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SouthCoast Hatchlings Begin to Emerge

In Marion, the Aucoot Cove barrier beach supports the densest concentration of terrapin nests.  With its southerly exposure, Aucoot Cove was ground zero for Hurricane Irene’s surge, which tore across its narrow width.  Fortunately, all known nests from this area had been relocated before the storm.  And on Sunday, three terrapin babies, which had “pipped” open their eggshells, scrambled to freedom when one of these rescued nests was exposed to sunlight.  These hatchlings had been deposited by their mother in their Aucoot Cove nest on June 11th and had been incubating for nearly three months before their emergence.

Three SouthCoast Terrapin Hatchlings Emerge

Although only an inch long and weighing about a quarter ounce, hatchlings are completely independent from the moment they break loose from their eggshells and scramble to freedom.  These babies will be returned to their natal nest location on Aucoot Cove for release into the wild.

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Jackie Fougere with First Hatchling from Silvershell Beach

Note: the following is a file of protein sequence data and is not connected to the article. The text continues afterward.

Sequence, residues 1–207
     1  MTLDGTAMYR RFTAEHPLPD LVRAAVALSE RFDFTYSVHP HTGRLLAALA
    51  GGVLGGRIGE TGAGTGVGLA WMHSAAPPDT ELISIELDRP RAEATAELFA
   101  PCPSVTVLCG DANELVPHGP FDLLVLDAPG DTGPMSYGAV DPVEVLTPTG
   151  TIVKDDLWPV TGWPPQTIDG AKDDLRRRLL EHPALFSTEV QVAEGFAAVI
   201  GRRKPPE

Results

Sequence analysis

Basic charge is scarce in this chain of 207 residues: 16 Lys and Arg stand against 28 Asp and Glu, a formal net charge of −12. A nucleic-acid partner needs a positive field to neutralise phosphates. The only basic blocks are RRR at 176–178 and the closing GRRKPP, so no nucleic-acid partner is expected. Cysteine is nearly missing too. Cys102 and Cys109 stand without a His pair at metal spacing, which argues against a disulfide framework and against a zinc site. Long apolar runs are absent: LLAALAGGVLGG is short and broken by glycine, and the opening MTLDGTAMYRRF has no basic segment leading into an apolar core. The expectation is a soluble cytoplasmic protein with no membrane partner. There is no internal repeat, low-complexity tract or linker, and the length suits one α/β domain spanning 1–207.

Earlier in the weekend Jackie Fougere discovered a tiny diamondback terrapin hatchling that had crawled onto her towel at Silvershell Beach in Marion.  This baby represents the first terrapin hatchling we have documented at Silvershell Beach.  It may have emerged from an elusive nest dug by its mother on this busy summer beach, or this hatchling may have been bounced around Sippican Harbor by Hurricane Irene’s turbulence.  When discovered, the hatchling had already discarded its egg tooth; so, it was probably more than a week from emergence. 

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SouthCoast Terrapin Hatchling Up Close and Personal